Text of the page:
But I've been realizing that even among those who are "gay" there are so many people with different experiences, different ranges of emotions and attractions, and so perhaps even the label "gay" is a bit of a generalization. It leads me to wonder what kind of world it would be if instead of trying to fit everyone into a little box with a label on it, saying "This is Ty. He's gay." we were able to simply say to ourselves "This is Ty. He loves Steve."

Reading through these stories has led me to review my own past and really take a good look at it. It has surprised me how obvious my attraction to guys was, at least from this perspective. I can't believe I didn't see it earlier. There was one guy in junior high that I really liked, and now I can see that it was a total crush. Today I still share the same opinion of the guy: totally cute and a very sweet guy. But now I can see it for what it is.

People have written in this book that when they came out, many people knew and were simply waiting for them to do so. It makes me wonder how many people know about me. Do the cousins I grew up with have any idea? Or were they all just as blinded as my parents to see what they wanted to see?

Another thing that has really been sinking in these past few weeks is the understanding of what other guys truly feel for girls. Growing up, I really never questioned if I liked girls or not, because I had no idea how other guys felt. Sure, I liked them, but I never really got why we kept having to have talks in priesthood lessons about respecting women. What I assumed was my more natural self-control and spirituality was in fact simply a lack of attraction. It wasn't hard for me to respect women, because I had no desires pushing me to do otherwise. It has been an entirely new experience trying to learn to respect men the way my friends were taught to respect women.

But it has really been dawning on me how strongly other guys must feel for girls. Really, they must feel the same powerful urges that I feel for men, but toward girls. I examine them, sometimes, looking to see what it is what guys must really be drawn to. Certainly I can respect and appreciate their beauty, but I just don't feel the same draw that I feel toward the many gorgeous guys on campus.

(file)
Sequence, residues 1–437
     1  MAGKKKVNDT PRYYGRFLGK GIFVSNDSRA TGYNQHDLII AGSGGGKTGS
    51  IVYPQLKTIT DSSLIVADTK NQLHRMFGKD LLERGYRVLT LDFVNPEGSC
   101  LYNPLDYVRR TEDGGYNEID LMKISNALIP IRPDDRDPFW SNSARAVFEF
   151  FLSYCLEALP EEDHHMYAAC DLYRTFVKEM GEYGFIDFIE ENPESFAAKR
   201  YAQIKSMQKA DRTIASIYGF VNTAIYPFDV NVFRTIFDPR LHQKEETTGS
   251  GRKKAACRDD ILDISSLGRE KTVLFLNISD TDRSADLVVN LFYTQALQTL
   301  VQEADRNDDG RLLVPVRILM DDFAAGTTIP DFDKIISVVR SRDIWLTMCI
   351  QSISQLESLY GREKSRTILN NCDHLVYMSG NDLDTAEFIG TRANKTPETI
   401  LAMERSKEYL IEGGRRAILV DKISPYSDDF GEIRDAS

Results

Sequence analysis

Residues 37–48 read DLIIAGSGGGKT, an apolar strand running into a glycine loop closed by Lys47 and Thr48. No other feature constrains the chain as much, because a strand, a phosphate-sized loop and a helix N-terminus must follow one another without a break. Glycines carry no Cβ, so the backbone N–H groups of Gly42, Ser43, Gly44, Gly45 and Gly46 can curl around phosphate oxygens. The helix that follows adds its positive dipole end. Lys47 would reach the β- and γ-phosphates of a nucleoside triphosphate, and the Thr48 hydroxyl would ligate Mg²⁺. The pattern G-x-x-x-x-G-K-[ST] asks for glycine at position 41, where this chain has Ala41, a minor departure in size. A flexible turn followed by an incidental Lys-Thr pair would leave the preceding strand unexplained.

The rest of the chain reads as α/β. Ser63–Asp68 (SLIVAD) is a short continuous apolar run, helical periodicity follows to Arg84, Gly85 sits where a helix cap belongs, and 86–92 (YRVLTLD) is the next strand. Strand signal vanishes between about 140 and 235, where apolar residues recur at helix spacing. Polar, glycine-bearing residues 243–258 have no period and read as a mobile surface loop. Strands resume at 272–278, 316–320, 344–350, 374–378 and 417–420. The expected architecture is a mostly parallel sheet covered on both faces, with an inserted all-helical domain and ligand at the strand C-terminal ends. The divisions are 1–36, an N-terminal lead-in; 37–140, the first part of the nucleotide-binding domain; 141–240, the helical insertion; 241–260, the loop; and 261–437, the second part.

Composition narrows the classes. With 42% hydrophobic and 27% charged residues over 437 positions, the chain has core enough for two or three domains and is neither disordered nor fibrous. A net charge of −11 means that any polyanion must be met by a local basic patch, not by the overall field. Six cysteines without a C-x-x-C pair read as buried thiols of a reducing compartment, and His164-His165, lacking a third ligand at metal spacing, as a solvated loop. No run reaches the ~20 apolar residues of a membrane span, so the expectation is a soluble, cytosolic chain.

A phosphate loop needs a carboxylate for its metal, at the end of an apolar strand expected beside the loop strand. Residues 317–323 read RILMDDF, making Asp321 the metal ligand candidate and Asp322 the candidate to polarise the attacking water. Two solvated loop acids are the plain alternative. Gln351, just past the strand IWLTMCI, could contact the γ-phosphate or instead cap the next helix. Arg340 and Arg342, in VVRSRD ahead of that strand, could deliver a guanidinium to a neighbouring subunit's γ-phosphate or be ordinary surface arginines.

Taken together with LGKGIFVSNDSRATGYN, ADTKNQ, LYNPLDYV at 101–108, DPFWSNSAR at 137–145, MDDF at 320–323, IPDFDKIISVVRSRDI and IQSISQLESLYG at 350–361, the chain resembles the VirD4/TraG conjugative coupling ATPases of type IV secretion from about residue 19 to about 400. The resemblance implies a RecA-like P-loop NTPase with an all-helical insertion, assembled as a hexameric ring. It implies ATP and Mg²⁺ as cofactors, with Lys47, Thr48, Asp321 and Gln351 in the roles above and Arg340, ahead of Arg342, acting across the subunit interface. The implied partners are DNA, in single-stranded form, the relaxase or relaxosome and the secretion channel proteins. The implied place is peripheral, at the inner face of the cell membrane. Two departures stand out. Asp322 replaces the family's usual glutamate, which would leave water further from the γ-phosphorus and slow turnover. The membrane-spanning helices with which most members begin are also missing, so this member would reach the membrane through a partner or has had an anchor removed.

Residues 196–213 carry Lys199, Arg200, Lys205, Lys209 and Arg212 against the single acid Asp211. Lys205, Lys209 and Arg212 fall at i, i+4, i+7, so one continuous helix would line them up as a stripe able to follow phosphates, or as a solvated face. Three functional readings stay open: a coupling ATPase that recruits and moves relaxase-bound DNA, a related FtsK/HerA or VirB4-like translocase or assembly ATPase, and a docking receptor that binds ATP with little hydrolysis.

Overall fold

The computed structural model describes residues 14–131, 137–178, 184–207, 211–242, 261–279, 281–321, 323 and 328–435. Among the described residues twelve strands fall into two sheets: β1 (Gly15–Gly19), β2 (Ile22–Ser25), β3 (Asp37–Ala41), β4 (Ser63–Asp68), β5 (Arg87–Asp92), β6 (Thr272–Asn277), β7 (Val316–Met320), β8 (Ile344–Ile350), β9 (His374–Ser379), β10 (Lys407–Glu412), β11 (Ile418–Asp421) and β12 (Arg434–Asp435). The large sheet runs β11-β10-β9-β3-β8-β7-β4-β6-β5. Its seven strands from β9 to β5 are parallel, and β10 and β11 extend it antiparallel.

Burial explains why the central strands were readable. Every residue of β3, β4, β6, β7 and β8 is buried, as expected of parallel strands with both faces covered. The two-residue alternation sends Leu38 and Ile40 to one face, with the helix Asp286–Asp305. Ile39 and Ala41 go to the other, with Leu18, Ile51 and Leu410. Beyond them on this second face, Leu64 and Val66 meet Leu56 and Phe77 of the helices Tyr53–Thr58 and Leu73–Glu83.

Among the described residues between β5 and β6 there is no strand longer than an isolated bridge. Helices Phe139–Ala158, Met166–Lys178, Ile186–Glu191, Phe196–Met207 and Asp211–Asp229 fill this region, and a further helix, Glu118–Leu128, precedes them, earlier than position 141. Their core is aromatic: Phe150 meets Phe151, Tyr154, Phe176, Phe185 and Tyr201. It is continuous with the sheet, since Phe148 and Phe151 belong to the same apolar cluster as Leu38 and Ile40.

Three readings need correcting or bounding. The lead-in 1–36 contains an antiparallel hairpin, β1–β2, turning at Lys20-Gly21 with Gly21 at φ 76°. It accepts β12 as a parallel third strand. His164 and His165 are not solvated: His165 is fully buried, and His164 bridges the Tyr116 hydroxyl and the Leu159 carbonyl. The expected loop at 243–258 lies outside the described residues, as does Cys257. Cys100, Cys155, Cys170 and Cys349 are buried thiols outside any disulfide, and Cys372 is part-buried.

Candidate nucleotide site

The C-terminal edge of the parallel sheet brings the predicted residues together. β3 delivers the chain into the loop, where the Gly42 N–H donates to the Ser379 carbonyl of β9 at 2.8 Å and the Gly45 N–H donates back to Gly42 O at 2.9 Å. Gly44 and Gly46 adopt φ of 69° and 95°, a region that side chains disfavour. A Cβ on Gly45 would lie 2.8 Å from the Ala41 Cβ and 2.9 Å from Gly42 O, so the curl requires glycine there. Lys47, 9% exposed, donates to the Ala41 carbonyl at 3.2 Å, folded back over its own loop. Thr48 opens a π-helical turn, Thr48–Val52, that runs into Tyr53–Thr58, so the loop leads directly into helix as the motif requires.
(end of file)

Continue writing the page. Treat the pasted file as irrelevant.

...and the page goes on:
Another thing that has been on my mind lately as I have read these experiences of others is the legitimacy, or supposed legitimacy, that nearly everyone seems to feel they have to their own views and claims. Let me elaborate. In one chapter of this book, a man tells about his journey through different religions, eventually arriving at the LDS church, before coming to terms with his attractions. He writes an official coming out letter to his mother, which is returned by an emotionless declaration against his life situation, and ultimately, against him if he doesn't change like she wants him to.

At one point, though, she talks about how he "walked away from God" when he left their baptist faith and eventually joined the LDS church. From a mormon view, we find this to be pure lack of understanding. She is in a degree of ignorance, we would say. But the terms she uses to describe it are exactly those that someone in the LDS faith would use to describe their own child leaving the path planned for him or her.

Ultimately, they both believe they are on the side of Truth, with a capital T. They have God's knowledge, and their child walked away from it. In the world of religion, politics, philosophy, science, psychology, and many other realms this battles of "Truths" can be found. The ironic part is that to each and every one of those people, their "Truth" is legitimate, and feels that way. So how can true Truth be found?